The General, endowed by Nature with great personal courage and endurance, did not apparently fully understand what he was asking the shaken Highland Brigade to do. At 11 o’clock it had already hung on for more than six hours in a very trying position. Hungry and thirsty, moreover, the men were now suffering from a burning African sun. Most of their officers had been wither killed or wounded; and every main the ranks had long become convinced that he could do no good by remaining those exposed within easy range of good shots in those hidden trenches, and their determination perceptibly began to weaken.
At 112 a.m. Lord Methuen, seeing that the centre of the line was wavering, sent forward reinforcements-six companies of the 2nd Gordon Highlanders, under Colonel Downman.
The Gordon’s advanced in widely extended order, and by a series of conducted rushes, succeeded, despite the galling fire, which greeted them, in getting within 400 yards of the enemy’s trenches. It was a fine effort, but useless. Six companies in broad daylight could not hope to carry the position. The companies would have had a greater steadiness influence on those they tried to support had they been halted at 800 yards from the trenches.
Intense Strain on Highlan
Thus, although the advance of the Gordon’s gave a temporary encouragement, it did nothing really to relieve the strain on the Highland Brigade, and that strain was rapidly approaching a breaking point, especially on the right flank, where, throughout the morning, the struggle had been swaying backwards and forwards. By midday, so intense had the strain at this point become that Hughes-Hallet twice sent messengers to General Colvile urging him to send forward reinforcements.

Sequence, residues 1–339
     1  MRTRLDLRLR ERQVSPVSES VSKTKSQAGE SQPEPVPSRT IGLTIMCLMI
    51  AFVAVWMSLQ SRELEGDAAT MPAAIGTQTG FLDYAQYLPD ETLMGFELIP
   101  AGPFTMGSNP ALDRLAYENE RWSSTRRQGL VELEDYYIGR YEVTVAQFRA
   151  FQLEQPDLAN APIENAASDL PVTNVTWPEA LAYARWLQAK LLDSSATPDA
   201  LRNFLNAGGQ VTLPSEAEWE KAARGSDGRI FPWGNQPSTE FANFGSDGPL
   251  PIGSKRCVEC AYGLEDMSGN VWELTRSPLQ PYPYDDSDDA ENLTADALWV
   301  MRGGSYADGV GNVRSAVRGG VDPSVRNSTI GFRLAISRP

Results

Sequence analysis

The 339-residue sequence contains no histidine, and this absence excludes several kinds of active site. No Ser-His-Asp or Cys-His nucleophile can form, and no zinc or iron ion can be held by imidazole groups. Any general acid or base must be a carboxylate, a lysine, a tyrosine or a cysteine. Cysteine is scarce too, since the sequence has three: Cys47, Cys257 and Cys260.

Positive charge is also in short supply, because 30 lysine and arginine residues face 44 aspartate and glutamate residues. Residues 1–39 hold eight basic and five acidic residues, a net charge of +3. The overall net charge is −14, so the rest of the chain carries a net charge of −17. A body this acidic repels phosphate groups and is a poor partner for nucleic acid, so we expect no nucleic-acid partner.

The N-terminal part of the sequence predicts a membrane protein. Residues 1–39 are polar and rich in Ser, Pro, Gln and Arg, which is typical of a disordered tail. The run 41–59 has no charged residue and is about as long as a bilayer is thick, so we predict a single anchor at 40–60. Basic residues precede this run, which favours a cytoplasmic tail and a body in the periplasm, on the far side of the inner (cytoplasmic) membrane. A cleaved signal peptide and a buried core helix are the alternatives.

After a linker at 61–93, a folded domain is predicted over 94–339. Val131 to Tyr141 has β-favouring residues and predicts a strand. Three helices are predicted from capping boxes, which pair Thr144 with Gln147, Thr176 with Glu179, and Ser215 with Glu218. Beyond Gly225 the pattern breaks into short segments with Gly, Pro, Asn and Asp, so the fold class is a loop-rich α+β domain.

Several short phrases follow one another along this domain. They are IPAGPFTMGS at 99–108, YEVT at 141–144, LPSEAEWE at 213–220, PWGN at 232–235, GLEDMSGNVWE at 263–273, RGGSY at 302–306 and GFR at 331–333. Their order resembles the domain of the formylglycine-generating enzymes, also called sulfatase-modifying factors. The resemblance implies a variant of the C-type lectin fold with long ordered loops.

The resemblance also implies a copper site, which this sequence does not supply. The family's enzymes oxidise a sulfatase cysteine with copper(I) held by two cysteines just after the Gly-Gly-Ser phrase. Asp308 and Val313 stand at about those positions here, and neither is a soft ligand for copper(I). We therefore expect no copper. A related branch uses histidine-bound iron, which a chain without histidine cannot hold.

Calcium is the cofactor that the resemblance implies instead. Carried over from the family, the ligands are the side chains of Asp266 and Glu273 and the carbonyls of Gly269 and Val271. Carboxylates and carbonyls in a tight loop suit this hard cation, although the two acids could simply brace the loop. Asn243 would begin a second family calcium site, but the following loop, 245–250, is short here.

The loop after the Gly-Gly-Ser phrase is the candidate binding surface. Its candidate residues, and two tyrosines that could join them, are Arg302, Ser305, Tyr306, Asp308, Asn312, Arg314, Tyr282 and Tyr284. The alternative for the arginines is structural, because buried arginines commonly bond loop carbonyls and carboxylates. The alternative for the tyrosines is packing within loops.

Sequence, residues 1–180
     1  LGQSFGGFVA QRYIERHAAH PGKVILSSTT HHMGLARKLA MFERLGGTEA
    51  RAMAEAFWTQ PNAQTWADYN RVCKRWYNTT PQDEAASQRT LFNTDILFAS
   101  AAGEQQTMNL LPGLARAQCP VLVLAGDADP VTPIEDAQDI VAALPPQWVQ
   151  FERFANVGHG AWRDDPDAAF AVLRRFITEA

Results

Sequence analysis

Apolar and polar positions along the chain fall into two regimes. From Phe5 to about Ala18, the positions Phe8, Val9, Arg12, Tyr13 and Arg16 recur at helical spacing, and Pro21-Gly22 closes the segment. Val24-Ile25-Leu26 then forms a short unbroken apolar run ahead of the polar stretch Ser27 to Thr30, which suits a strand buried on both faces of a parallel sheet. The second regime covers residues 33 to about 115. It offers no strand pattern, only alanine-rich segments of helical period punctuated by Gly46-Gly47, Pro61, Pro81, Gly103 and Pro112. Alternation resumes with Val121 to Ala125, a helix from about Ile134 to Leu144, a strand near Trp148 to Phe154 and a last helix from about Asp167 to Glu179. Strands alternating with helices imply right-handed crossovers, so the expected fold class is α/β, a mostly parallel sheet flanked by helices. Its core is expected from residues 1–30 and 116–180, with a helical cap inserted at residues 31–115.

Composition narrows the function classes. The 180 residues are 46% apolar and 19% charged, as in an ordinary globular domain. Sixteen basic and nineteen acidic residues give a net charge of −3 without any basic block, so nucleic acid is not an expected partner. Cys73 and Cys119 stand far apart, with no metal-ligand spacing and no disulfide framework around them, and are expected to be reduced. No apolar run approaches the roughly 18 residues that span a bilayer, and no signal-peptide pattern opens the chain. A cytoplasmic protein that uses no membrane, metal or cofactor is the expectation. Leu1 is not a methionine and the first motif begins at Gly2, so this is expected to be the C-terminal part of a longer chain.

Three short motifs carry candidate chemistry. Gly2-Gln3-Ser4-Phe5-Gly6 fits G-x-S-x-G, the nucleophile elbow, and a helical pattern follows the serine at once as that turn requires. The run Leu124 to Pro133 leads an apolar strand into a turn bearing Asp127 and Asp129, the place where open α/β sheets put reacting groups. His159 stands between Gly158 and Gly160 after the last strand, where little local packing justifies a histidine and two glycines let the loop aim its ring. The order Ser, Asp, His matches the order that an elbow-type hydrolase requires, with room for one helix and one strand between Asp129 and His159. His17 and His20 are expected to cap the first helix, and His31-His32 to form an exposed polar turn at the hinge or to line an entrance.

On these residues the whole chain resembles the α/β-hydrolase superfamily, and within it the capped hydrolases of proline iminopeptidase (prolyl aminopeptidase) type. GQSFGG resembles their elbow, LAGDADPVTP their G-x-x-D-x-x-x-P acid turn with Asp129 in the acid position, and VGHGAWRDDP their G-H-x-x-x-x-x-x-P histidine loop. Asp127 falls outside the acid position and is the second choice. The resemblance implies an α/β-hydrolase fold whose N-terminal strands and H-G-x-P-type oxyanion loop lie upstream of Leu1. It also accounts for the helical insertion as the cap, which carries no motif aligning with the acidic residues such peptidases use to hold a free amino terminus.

Neither of the messengers, however, succeeded in delivering the message, and at 1.30 p.m. Hughes-Hallett was compelled to throw back his right as the only means of checking the Boers, who, advancing, were now making an effort to enfilade the scattered brigade.
Colonel Downman, who at the time was lying in n the very front of the firing line, more than two miles away, saw the right come back, and, knowing that Hughes-Hallett was acting as Brigadier, assumed that a general retirement was intended to a less deadly range.
Downman was unaware that Lord Methuen had told Hughes-Hallett to hold on at all cost until nightfall. He ordered his men; therefore, to retire towards the guns; and the whole of the line conformed to the movement.
At first the men fell back in good order. But as they retreated, the storm of fire from the enemy’s trenches broke forth with increased effect, and the Highlanders ran, suffering severely. Downman was among the first to fall, being mortally wounded ad he raised in the firing line. Captain Towse, of the Gordon’s, however, stood by the side till Sergeant Nelson and Lance-Corporal Hodgson came to his aid helped him carry back his Colonel under heavy fire. For his conspicuous gallantry on this occasion and on April 30th, 1900, when he was terribly wounded, Captain Towse received the Victoria Cross.